I'm looking to use a digital potentiometer (AD5206) to control the op-amps on the hi-fi audio XMOS board (schematic can be found at bottom of document). I'm wondering what would be the best way to go about implementing it:

  1. Keep the fixed gain at the opamp itself, then use the digital pot to 'attenuate' the input. So the digital pot would be placed at the input to vary the level of the output signal.

    Advantage - Allows me to fairly accurately control the upper limit avoiding clipping; any capacitance in the digital pot itself would be AC coupled to the opamp input anyways and not going to matter at the output.

    Disadvantage - ?

  2. Use the digital pot in the feedback loop controlling the gain of the opamp.

    Advantage - ?

    Disadvantage - Any capacitance caused by the digital pot is going to affect the high freq roll off; If the digital pot is a break-before-make type, it'll cause the loop to open up for a sub-fraction of a second causing the output to saturate and from which it'll likely need another fraction of a second to recover from; lower limit isn't easily controllable.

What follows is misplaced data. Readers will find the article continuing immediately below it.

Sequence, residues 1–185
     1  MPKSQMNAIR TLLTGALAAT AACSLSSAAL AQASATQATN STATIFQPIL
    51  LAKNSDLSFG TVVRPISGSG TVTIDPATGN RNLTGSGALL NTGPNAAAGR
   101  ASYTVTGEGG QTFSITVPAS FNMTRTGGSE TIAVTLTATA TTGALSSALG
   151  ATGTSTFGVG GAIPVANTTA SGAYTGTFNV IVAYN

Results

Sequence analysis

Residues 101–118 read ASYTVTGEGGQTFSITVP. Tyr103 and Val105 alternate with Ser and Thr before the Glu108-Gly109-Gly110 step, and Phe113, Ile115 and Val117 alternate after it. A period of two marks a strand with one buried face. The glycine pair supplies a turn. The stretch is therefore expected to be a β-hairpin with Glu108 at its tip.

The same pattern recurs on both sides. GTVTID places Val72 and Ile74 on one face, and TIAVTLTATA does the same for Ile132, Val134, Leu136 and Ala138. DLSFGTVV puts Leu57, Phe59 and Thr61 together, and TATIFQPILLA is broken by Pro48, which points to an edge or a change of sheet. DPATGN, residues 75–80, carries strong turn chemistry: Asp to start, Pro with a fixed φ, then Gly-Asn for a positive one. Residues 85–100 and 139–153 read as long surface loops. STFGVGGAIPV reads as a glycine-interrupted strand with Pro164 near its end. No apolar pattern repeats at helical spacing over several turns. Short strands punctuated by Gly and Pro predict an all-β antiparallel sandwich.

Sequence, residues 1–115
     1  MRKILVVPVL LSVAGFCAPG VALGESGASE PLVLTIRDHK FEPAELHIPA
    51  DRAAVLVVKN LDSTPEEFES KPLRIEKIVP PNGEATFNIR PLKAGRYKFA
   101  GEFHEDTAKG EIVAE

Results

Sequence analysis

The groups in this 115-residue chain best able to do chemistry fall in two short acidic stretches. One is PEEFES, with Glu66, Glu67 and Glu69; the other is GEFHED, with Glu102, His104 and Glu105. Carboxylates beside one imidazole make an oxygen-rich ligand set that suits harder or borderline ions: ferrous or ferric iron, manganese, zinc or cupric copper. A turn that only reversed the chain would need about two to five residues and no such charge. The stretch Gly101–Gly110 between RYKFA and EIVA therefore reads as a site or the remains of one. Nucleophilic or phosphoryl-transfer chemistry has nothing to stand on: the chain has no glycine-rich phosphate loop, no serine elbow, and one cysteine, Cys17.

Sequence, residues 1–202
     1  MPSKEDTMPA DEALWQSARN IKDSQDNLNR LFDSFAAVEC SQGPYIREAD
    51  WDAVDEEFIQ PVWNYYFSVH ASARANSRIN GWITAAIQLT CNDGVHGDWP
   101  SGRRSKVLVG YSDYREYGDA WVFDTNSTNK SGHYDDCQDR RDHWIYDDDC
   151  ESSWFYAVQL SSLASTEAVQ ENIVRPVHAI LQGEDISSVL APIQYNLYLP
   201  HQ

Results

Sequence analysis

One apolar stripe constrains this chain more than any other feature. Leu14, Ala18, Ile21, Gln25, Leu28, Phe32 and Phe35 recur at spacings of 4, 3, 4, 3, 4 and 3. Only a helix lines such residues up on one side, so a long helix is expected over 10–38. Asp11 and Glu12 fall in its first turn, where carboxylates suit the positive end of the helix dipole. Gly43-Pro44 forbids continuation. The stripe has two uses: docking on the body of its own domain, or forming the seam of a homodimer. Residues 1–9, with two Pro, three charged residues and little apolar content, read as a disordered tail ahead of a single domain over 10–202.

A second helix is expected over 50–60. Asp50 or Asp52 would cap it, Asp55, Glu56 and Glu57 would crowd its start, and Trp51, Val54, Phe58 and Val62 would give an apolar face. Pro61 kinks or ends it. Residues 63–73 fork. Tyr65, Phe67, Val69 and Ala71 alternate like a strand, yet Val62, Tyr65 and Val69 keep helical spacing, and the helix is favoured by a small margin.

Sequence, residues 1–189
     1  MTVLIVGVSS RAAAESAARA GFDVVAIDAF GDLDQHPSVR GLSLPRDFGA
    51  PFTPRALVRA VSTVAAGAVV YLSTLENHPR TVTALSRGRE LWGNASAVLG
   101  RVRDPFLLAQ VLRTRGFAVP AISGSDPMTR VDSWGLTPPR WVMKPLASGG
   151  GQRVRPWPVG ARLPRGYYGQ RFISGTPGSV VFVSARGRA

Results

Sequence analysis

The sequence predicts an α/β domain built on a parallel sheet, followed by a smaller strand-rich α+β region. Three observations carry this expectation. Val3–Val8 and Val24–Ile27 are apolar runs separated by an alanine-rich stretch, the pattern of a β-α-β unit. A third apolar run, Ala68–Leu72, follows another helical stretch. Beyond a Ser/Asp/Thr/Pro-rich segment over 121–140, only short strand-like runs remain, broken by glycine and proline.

• \$\begingroup\$ The circuit you talk about covers 9 pages so copy and paste the section you want and embed as a picture in your question. \$\endgroup\$ – Andy aka Mar 6 '17 at 8:18
  • \$\begingroup\$ Whether you were to use it in the feedback loop to vary gain, or as an attenuator, adding zero crossing detection and only changing at zero would minimize audiable glitches. There are some digital pot like ICs such as Ti's PGA2310 which do this for you. \$\endgroup\$ – Colin Mar 6 '17 at 8:50

2) Use the digital pot in the feedback loop controlling the gain of the opamp.

it is generally recommended against this approach due to its altering of the circuit's feedback characteristics. and some opamps may not be stable in <1x gain.

I would take the first approach instead.

  • \$\begingroup\$ You always have maximum noise gain with this approach. \$\endgroup\$ – Colin Mar 6 '17 at 11:46

If you wanna go really hifi you could try to use the digital pot to control the Voltage on the Ec-Pin of a dedicated VCA-chip like the THAT2181, like they are usually implemented in high quality mixing consoles and similar things. Using a dedicated VCA chip can be really give a big improvement depending on your demands (noise, offsets, drift, harmonic distorsion, ...)


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